By Vongai Chikwanda, Amnesty International Campaigner for Southern Africa
LONDON, United Kingdom, April 30, 2020,-/African Media Agency (AMA)/- Rutendo* was getting close to her due date when the government announced the 21-day lockdown to tackle COVID-19. She stays in a farming area, 35 kilometres from the nearest healthcare facility, and her chances of getting an ambulance in time for emergency care were always minimal. Rutendo’s older sister died five years ago from complications in pregnancy and her mother, not wanting to take any chances, sent Rutendo to the nearest district hospital to ‘sit and wait’ for a safe delivery before the lockdown came into effect on 30 March. Rutendo delivered a bouncing baby girl the very next day. In pain, she expected to stay at least two days under observation, but she was discharged after one night when the lockdown began.
Rutendo had heard that soldiers were beating people up on the streets to enforce the lockdown and she was afraid to go and buy medication
Within two weeks her baby fell sick. Rutendo’s mother thought that the baby needed stomach medication. Rutendo had heard that soldiers were beating people up on the streets to enforce the lockdown and she was afraid to go and buy medication, but her baby was in pain so she gathered courage to go to the nearest shopping centre in Norton, 40 km west of Harare.
Upon arrival Rutendo found that the pharmacy had reduced its operating hours and was closed. She returned the next day, but the pharmacy did not have the medication she was looking for and she was advised to go to Harare. Rutendo told Amnesty International that she was afraid to travel to Harare because of the numerous check points and the risk of police brutality, given that she had no documentation to justify her journey. When community members advised her to travel with her baby as proof, she told Amnesty that she said “how do I travel with a child who is less than 6 weeks to Harare just to get medication. I will be placing the child in more danger.”
Many new mothers are now facing impossible decisions like this due to the pandemic. As well as travel restrictions and medication shortages, some are cut off from the women relatives they rely on for postpartum support. Rutendo explained, that culturally older women’s support is a critical support for new mothers. Rutendo praised her mum for taking care of her, cooking nutritious meals, nursing her and helping take care of the newborn whilst she is recovering. Research indicates that social support can help prevent postpartum depression. Countless other new mothers do not have the benefit of having their mothers or other relative nearby who can give them the levant support during this lockdown. Isolation has meant that some new mothers are alone, without any help or social support.
The lockdown has placed an extra burden on women and girls, who already perform 2.5 to 3 times as much unpaid care work at home, compared to men
Tryphine* lives in a township outside of Harare and her mother could not travel from Masvingo which 297 kilometers from Harare to be with her when she gave birth. Tryphine needed a caesarean delivery and has struggled to recover. She is still expected to cook, fetch water and look after her two other young children. With no one to help or talk to, she has had to ask her eldest child to assist with care work at home and is neglecting her recovery.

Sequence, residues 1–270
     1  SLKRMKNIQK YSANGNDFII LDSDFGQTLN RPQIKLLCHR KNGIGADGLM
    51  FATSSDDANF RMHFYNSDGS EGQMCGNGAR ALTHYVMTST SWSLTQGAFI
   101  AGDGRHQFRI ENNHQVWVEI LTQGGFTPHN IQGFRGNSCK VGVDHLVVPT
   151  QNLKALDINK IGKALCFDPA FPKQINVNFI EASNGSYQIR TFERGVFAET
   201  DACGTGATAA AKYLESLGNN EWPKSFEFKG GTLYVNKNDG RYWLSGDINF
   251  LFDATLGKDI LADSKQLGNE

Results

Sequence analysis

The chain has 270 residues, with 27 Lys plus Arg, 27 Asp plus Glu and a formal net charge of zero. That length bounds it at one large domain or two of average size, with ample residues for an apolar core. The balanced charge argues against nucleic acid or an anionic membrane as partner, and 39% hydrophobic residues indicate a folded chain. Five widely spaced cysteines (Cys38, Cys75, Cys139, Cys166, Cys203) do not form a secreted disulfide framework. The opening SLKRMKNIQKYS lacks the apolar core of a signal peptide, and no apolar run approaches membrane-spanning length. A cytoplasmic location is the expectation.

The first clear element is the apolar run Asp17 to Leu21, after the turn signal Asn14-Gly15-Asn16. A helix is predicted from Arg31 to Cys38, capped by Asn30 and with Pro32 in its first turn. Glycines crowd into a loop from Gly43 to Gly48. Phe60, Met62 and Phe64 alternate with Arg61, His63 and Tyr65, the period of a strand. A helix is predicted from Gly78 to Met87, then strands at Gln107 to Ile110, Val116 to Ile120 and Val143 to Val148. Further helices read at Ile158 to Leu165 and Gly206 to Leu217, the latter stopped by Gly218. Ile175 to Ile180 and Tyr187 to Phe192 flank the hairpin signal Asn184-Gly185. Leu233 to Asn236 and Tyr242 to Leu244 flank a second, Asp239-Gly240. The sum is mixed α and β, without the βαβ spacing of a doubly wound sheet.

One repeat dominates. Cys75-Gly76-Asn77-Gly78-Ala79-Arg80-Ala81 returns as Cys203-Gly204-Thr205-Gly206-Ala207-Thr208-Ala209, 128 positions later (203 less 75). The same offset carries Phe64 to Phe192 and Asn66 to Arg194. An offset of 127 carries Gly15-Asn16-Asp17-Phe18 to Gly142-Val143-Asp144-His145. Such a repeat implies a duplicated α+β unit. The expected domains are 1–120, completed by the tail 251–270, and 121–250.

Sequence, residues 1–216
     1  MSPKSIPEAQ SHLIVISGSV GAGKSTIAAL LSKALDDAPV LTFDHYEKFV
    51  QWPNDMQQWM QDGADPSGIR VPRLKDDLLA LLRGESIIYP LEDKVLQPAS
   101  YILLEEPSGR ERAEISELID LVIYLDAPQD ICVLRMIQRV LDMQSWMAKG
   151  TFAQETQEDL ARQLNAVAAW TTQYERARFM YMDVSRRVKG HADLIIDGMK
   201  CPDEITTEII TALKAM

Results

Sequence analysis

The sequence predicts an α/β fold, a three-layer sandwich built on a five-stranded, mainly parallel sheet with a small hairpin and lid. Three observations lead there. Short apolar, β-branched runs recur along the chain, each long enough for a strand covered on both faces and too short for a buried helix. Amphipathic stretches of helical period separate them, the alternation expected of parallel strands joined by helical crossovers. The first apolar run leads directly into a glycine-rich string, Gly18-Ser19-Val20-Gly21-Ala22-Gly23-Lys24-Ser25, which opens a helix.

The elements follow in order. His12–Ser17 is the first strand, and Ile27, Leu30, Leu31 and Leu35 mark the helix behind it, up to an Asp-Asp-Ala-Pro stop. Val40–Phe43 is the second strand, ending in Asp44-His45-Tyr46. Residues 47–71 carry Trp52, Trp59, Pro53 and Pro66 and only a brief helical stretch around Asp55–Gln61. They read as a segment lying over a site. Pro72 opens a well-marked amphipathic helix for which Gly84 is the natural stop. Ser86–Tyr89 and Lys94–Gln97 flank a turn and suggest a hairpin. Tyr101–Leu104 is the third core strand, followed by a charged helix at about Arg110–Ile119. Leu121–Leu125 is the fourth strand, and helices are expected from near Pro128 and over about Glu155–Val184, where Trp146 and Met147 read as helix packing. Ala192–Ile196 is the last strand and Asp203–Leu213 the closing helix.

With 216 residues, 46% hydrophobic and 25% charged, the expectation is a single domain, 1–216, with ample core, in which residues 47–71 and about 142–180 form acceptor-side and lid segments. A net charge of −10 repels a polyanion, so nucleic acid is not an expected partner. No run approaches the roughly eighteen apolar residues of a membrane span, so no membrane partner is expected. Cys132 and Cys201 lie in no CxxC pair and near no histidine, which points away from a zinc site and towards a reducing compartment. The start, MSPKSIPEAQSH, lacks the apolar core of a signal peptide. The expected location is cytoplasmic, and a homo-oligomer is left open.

For some mothers, the situation is worsened by living in a large family set-up, without access to running water and where other family members may need to be taken care of. Care work mothers in these situations are having to do includes making sure that family members have water to bath and drink, and their meals prepared. The lockdown has placed an extra burden on women and girls, who already perform 2.5 to 3 times as much unpaid care work at home, compared to men.
Many families are also facing increased poverty as a result of being unable to work during the lockdown. Many pregnant women and girls will be unable to afford the costs of transport to health facilities to give birth. Those with no support like Rutendo’s have no option but a home delivery with unskilled birth attendants, risking delivery in unhygienic conditions. Some nurses have told community activists of a reduction in the numbers of women who are going to maternity waiting homes, clinics or hospitals for skilled delivery. Yet, pregnant women have raised concern about the difficulty of getting transport during the lockdown and their fear of police brutality. Home births with unskilled care places women and girls at risk of maternal mortality and morbidity and can have devastating consequences for the baby, including risk of mother to child transmission of HIV.
During the ongoing lockdown period, the government must prioritise maternal health care
Already Zimbabwe is battling high maternal mortality rates. During the ongoing lockdown period, the government must prioritise maternal health care. Authorities must make arrangements to ensure women and girls have to access antenatal care, maternity waiting homes and skilled medical care to give birth. They should also allow for medical and social support in the postpartum period and ensure access to medication and health care.
*Real names withheld to protect their identities.
Distributed by African Media Agency (AMA) on behalf of Amnesty International.